Seven Newcastle councillors are seeking to ensure wood chip exports do not recommence from the Port of Newcastle.
It follows confirmation that renewable energy start-up Sweetman Renewables is exploring the possibility of exporting wood chips ,via the port, to Japan for use in a biomass-fuelled power station.
Woodchip exports from the Port of Newcastle ceased in 2013 following a sustained campaign from the conservation movement.
In addition to stopping wood chip exports councillors John Mackenzie, Declan Clausen, Carol Duncan, Jason Dunn, Nuatali Nelmes, Emma White and Peta Winney-Baartz are also seeking to better understand the port's diversification plans, including how, exporting wood chips for fuel contributes to those plans.
"The City of Newcastle recognised in a council resolution of 28 May 2019 that there is a global climate emergency and urgent need for real action on climate change," Tuesday's Notice of Motion says.
"The City of Newcastle has consistently affirmed a commitment to a just economic transition for coal mining communities, including support for investment in hydrogen as an export energy, construction of large-scale renewables and pumped hydro, and manufacturing of electric vehicles.
"Biomass export is inconsistent with these positions, and a backwards step on the road to sustainability and clean energy."
This included residues from sawmills and further wood processing using logs supplied under existing contractual arrangements by the Forestry Corporation of NSW.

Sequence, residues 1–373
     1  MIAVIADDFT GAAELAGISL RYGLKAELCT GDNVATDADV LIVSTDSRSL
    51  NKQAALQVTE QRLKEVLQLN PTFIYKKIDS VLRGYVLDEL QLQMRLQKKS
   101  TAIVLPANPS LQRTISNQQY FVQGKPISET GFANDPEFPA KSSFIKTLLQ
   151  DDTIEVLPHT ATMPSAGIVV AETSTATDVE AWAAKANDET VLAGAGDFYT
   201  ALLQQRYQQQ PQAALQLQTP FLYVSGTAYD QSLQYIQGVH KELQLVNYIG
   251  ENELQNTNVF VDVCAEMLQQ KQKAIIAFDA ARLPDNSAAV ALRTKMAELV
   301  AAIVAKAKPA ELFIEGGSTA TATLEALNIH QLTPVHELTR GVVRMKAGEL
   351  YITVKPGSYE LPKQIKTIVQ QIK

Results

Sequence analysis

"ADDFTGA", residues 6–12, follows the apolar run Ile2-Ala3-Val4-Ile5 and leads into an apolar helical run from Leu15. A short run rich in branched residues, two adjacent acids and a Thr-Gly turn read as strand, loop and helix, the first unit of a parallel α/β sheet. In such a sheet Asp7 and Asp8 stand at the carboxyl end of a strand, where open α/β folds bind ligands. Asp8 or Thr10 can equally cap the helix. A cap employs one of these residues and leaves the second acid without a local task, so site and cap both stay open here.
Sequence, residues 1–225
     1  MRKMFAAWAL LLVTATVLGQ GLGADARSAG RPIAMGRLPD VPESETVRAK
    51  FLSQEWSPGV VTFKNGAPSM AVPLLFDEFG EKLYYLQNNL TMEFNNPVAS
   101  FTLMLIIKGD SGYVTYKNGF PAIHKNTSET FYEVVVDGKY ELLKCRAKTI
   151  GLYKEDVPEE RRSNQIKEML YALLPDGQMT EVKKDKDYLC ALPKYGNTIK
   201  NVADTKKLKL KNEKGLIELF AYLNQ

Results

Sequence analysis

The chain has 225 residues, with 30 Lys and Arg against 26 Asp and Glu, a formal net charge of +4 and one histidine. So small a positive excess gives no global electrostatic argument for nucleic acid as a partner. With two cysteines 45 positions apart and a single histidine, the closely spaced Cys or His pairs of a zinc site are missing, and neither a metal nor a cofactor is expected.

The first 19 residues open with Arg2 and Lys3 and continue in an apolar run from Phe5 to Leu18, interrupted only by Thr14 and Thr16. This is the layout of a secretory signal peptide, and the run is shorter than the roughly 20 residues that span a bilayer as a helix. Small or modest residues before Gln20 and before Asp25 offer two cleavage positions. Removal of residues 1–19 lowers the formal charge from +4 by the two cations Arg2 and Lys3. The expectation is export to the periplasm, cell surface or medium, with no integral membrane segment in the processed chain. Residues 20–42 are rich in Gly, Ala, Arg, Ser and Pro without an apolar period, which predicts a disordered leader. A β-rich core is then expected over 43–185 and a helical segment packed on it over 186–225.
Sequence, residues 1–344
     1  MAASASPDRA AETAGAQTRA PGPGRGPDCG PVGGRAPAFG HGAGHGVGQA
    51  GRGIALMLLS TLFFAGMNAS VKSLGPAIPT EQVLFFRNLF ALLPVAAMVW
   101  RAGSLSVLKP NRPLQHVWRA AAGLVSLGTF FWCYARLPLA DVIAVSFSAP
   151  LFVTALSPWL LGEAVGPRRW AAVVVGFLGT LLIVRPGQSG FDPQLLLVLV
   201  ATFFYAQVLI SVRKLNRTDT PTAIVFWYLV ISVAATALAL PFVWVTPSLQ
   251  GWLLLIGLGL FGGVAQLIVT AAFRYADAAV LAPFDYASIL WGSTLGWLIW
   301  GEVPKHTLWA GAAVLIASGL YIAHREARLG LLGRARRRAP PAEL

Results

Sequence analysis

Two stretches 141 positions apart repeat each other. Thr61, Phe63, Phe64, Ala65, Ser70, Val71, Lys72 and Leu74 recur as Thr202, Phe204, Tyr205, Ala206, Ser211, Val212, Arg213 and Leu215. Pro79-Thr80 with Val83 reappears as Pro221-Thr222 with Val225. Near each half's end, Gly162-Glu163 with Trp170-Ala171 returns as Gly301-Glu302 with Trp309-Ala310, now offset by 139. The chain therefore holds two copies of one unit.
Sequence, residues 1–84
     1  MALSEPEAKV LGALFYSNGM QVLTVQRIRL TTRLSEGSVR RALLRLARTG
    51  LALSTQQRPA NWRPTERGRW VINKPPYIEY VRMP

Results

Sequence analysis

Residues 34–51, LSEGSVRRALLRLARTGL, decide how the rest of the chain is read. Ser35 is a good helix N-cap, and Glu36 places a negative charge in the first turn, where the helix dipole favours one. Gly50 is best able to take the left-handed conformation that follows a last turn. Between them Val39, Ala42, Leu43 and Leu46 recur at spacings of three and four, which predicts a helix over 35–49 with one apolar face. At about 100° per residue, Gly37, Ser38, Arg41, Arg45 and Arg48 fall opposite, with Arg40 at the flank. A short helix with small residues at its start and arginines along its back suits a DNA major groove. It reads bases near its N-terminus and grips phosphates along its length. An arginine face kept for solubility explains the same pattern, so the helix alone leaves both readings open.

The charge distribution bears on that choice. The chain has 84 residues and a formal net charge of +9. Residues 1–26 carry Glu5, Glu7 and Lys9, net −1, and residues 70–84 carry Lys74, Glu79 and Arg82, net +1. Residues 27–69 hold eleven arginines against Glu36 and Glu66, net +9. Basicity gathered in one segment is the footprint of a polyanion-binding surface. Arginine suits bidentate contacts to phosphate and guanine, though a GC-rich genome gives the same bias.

He confirmed the company was in discussions with a logistics company regarding the possibility of using a facility at the Port of Newcastle formerly used by Boral to export woodchips.
If successful the company would export 60,000 tonnes of wood chips per annum to Japan over 20 years.
A Port of Newcastle spokeswoman said the port had not been approached about the proposal.
"The port currently operates the shipping channel and leases wharves and land. We have no ownership interest in any organisation that loads or contacts the ships nor the agents that act for them in the harbour.
As such it is more likely that a stevedore may have been in discussions, however stevedores currently permitted to use the port under lease or contract do not represent the views, provide endorsement or guarantee the involvement of the Port of Newcastle," the spokeswoman said.
"Port of Newcastle would not lease facilities for this purpose, however it must be noted that there are existing business operators on the port over which we have no control.
"Port of Newcastle has been approached directly to lease land for many export purposes over the last two years alone and we have declined most, including live cattle export, radioactive waste and a previous woodchip proposal."
IN THE NEWS:
- Newcastle, Hunter cases a concern as NSW 80 per cent roadmap laid out
- NSW COVID roadmap: what changes at 80 per cent and December 1
- Councils want passenger trains, new port rail link to be part of Lower Hunter Freight Corridor
- Normality beckons for vaxed-up NSW
- Police investigate after gun fired at Commodore at Mount Hutton
Our journalists work hard to provide local, up-to-date news to the community. This is how you can continue to access our trusted content: